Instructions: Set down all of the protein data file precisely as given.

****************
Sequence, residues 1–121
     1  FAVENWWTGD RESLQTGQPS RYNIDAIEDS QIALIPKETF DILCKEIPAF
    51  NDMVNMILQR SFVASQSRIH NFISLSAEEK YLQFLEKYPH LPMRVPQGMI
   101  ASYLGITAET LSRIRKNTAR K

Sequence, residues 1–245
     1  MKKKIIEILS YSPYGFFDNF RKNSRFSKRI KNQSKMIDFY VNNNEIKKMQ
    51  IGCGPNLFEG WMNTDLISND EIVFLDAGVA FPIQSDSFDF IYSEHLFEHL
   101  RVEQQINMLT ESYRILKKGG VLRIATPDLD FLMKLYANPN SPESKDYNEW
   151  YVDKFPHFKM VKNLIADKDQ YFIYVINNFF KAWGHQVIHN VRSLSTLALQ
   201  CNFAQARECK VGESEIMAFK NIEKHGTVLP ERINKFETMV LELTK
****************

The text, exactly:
Sequence, residues 1–121
     1  FAVENWWTGD RESLQTGQPS RYNIDAIEDS QIALIPKETF DILCKEIPAF
    51  NDMVNMILQR SFVASQSRIH NFISLSAEEK YLQFLEKYPH LPMRVPQGMI
   101  ASYLGITAET LSRIRKNTAR K

Sequence, residues 1–245
     1  MKKKIIEILS YSPYGFFDNF RKNSRFSKRI KNQSKMIDFY VNNNEIKKMQ
    51  IGCGPNLFEG WMNTDLISND EIVFLDAGVA FPIQSDSFDF IYSEHLFEHL
   101  RVEQQINMLT ESYRILKKGG VLRIATPDLD FLMKLYANPN SPESKDYNEW
   151  YVDKFPHFKM VKNLIADKDQ YFIYVINNFF KAWGHQVIHN VRSLSTLALQ
   201  CNFAQARECK VGESEIMAFK NIEKHGTVLP ERINKFETMV LELTK